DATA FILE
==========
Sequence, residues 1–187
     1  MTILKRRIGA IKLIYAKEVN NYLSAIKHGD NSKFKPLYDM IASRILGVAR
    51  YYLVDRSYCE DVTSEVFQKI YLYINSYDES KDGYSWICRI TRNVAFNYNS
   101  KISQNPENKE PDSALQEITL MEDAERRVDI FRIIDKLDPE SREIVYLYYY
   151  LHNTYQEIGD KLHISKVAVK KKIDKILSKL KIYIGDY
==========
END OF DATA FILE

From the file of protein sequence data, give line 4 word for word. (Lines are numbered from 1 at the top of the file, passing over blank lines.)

   101  KISQNPENKE PDSALQEITL MEDAERRVDI FRIIDKLDPE SREIVYLYYY